Top Stories

Telcos finally block access to Twitter in Nigeria

Haleem Olatunji

Telecommunications companies in Nigeria have blocked access to Twitter hours after the federal government suspended the operations of the microblogging and social networking service in the country.

On Friday, Lai Mohammed, minister of information, announced the indefinite suspension of Twitter.

The minister said the decision was made following “the persistent use of the platform for activities that are capable of undermining Nigeria’s corporate existence”.

Twitter’s suspension by the federal government came two days after a post by President Muhammadu Buhari on the 1967 civil war was deleted by the microblogging platform.


Buhari had threatened to treat those “bent on destroying” Nigeria “through insurrection” in “a language they understand”.

The minister had defended Buhari while accusing Twitter of “double standards”.

He also said the mission of the social networking service in Nigeria is “suspect”.


Reacting to the development, Twitter described the directive as “deeply concerning”.

“The announcement made by the Nigerian Government that they have suspended Twitter’s operations in Nigeria is deeply concerning,” it said.

“We’re investigating and will provide updates when we know more.”


In a statement on Saturday, the Association of Licensed Telecommunications Operators of Nigeria (ALTON) said it has received directive from the Nigerian Communications Commission (NCC) to implement the suspension.

The statement was signed by Gbenga Adebayo and Gbolahan Awonuga, the association’s chairman and executive secretary respectively.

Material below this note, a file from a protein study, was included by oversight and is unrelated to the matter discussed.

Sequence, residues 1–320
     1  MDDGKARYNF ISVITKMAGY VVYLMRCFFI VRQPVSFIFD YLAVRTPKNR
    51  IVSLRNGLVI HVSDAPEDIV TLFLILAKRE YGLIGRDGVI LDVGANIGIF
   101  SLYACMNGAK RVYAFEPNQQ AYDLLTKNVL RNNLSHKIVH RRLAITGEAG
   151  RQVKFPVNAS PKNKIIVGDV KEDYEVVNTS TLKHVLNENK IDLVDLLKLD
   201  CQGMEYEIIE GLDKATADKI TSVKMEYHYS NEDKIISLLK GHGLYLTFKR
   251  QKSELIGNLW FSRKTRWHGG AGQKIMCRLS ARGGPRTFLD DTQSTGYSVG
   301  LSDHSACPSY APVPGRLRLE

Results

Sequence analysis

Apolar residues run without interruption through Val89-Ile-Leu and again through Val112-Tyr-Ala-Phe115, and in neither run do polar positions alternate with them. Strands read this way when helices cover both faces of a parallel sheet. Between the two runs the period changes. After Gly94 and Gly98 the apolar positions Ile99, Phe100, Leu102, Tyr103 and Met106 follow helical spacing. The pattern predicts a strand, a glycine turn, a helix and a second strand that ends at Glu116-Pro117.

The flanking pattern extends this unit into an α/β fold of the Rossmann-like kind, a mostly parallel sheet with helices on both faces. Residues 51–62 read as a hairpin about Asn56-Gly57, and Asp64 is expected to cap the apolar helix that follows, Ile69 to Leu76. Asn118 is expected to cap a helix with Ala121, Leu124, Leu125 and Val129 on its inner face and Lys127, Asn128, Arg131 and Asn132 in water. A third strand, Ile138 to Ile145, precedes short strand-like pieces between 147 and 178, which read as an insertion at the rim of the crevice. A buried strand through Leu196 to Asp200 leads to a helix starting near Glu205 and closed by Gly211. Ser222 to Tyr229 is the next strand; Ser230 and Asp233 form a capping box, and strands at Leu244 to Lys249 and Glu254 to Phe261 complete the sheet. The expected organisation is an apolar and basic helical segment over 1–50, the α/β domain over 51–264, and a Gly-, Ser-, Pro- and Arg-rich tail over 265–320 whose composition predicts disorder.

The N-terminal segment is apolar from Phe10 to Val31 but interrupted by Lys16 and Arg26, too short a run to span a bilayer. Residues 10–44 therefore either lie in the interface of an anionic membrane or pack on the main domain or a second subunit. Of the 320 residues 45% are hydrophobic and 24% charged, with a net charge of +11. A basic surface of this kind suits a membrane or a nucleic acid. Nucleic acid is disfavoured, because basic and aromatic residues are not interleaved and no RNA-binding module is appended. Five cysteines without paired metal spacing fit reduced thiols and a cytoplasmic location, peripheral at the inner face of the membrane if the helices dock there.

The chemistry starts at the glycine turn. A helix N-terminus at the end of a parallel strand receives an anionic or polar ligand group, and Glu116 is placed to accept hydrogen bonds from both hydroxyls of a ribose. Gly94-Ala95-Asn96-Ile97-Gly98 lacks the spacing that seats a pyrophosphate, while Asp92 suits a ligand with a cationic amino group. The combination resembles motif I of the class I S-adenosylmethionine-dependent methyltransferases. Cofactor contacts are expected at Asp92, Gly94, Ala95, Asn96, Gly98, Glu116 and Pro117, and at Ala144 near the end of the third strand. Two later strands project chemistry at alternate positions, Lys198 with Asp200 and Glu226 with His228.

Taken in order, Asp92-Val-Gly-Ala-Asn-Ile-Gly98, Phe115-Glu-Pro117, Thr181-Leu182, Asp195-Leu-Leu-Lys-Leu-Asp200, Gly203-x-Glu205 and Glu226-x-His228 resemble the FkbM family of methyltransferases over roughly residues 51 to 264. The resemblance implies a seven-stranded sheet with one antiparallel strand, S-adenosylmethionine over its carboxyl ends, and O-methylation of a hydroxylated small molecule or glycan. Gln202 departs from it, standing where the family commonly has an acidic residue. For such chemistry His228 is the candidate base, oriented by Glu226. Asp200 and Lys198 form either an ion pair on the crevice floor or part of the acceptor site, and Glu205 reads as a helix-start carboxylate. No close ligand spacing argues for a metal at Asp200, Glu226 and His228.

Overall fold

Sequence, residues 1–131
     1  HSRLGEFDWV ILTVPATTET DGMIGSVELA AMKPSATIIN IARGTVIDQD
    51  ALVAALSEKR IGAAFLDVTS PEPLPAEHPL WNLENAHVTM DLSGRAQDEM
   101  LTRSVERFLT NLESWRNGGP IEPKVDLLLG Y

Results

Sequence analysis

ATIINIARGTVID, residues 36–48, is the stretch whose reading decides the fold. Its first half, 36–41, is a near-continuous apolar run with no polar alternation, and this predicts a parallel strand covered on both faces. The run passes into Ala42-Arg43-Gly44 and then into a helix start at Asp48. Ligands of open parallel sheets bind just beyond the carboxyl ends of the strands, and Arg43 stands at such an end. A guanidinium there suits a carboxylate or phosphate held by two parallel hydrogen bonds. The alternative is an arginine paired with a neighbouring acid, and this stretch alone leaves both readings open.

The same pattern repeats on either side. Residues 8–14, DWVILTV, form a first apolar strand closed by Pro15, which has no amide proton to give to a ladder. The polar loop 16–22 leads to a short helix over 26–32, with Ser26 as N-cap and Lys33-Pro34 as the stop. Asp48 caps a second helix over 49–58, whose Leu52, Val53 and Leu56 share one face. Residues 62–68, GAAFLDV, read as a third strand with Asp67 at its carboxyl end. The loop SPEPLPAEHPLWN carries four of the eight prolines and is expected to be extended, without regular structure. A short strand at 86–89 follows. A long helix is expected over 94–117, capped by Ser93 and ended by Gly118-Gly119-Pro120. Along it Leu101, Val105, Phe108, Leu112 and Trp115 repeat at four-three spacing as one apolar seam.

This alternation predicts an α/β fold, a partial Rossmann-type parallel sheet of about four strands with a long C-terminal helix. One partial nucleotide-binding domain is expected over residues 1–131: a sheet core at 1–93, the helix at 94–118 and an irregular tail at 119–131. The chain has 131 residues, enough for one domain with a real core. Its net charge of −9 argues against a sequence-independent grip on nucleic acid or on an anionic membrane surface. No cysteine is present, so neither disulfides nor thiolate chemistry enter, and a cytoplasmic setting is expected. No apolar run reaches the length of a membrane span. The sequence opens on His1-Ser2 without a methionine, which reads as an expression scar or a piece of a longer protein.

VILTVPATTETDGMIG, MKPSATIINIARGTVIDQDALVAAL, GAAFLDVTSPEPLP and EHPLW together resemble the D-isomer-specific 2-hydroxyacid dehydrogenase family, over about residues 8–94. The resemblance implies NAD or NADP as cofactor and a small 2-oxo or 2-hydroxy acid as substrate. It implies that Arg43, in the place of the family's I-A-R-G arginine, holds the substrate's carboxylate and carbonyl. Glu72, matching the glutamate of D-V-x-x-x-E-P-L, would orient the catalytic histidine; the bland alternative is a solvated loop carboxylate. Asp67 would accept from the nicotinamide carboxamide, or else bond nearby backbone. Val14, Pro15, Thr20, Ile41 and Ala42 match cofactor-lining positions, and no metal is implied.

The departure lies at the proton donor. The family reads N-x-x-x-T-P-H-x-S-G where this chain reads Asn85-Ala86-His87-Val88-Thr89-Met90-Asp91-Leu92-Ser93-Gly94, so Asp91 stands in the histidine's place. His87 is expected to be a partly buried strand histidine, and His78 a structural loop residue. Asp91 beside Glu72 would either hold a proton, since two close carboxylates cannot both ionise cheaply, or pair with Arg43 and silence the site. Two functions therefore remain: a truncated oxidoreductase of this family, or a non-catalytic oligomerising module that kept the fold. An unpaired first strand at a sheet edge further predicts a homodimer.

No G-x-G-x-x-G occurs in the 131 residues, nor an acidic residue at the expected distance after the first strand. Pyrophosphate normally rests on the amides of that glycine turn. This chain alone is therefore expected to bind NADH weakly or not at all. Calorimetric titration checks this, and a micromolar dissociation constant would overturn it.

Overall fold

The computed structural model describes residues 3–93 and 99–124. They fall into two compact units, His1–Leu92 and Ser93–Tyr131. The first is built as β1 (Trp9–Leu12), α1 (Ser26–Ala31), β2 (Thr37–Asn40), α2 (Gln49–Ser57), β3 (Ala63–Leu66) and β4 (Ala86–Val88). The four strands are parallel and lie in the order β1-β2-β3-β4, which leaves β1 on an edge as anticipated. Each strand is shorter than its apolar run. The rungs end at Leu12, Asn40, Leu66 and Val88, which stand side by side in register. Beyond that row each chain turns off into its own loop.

The association said its members have complied with the directive, saying it is in line with “national interest provisions”.

“We, the Association of Licensed Telecommunications Operators of Nigeria (ALTON), wish to confirm that our members have received formal instructions from the Nigerian Communications Commission (NCC), the industry regulator to suspend access to Twitter,” the statement said.


“ALTON has conducted a robust assessment of the directive in accordance with internationally accepted principles. Based on national interest provisions in the Nigerian Communications Act, 2003, and within the licence terms under which the industry operates, our members have acted in compliance with the directives of the Nigerian Communications Commission (NCC) the industry regulator.

“We will continue to engage all the relevant authorities and stakeholders and will act as may be further directed by the NCC.”


On Saturday, Nigerians woke up to find the microblogging platform inaccessible — a proof that the implementation of the ban has commenced.

Many users of the platform had expressed concern over depleting sources of income as Twitter serves as a platform where many youths engage in business.

TheCable Lifestyle had examined how Nigerians can bypass the government’s suspension of Twitter using virtual private network (VPN).

The Nigerian Bar Association (NBA) said it will institute a lawsuit against the federal government following the decision to suspend Twitter’s operations in Nigeria.

Olumide Akpata, NBA president, said the federal government lacks constitutional authority to back its decision.

Akpata also described the government’s action as a “disguised attempt to regulate social media, restrict freedom of speech and shrink civic space”.

Leave a Comment

This website uses cookies.